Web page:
Why You Could Soon Be Voting In A Blockchain-powered Election

Why You Could Soon Be Voting In A Blockchain-powered Election

Why You Could Soon Be Voting In A Blockchain-Powered Election Representatives served as international observers in the countrys election, but some felt they exaggerated their role for their own benefit. [Photo: Eva Diallo Gehri, courtesy of Agora] Could blockchain technology be the key to ensuring the integrity of the democratic process? A recent blockchain project aiming to replace cumbersome voting technology around the world got its first test in this months presidential election in Sierra Leone. Though the experiment had a shaky debut, amid accusations that the role of the technology was exaggerated, its potential benefits are impressive and it seems clear that we can expect to see plenty of future elections using blockchain. Representatives from the Switzerland-based project, called Agora , served as outside observers at some polling sites for the election, which was conducted using the countrys traditional paper ballots. Along with other observer groups, Agora representatives were shown the cast ballots. They used their equipment to record the votes to Agoras proprietary blockchain, without voters needing to do any additional work, says Agora CEO Leonardo Gammar. Nothing changed for themthey just go to the polling station and they put their votes in the boxes, he says. They vote with their fingerprintsthey put their fingerprints next to the photos of their candidates. [Photo: Eva Diallo Gehri, courtesy of Agora] But the experiment made for an unintentionally rocky public debut, after headlines from international blockchain and tech publications appeared to exaggerate the role that Agoras software played in the election. Those initial stories and subsequent updates, coming at a time when tech startups and blockchain projects are facing increased skepticism around Continue reading >>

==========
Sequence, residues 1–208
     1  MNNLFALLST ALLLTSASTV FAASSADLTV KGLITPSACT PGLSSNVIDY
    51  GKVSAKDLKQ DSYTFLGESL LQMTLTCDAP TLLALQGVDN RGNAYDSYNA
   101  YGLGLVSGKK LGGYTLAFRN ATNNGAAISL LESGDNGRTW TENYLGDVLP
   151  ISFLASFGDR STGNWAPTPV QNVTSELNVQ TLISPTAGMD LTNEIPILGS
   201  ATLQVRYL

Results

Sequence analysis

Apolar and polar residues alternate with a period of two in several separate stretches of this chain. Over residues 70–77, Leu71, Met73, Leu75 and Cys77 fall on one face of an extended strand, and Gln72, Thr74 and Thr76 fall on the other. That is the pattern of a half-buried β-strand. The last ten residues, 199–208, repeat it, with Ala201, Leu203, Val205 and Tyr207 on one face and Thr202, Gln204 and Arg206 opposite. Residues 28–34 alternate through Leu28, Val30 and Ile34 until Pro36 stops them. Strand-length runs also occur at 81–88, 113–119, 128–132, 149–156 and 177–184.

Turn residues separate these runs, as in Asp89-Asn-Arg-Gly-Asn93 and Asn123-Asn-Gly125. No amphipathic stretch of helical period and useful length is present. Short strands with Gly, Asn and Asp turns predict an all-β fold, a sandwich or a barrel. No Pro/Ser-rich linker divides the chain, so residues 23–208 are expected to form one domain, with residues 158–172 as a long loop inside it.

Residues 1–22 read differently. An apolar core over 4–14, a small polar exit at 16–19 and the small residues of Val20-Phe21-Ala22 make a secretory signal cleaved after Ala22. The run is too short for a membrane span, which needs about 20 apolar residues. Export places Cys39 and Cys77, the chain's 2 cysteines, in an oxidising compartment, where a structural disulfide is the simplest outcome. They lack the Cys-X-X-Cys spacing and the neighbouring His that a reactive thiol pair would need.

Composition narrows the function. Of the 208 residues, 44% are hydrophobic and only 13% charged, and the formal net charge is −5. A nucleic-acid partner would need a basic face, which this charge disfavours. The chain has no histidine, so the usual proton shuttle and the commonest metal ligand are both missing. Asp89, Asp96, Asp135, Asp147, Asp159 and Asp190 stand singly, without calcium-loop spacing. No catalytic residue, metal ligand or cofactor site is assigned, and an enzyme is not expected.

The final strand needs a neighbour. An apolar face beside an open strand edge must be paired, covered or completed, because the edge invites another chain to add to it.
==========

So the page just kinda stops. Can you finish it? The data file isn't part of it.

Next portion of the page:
Us Pioneers Blockchain Election Voting With West Virginia Mobile Trial

Us Pioneers Blockchain Election Voting With West Virginia Mobile Trial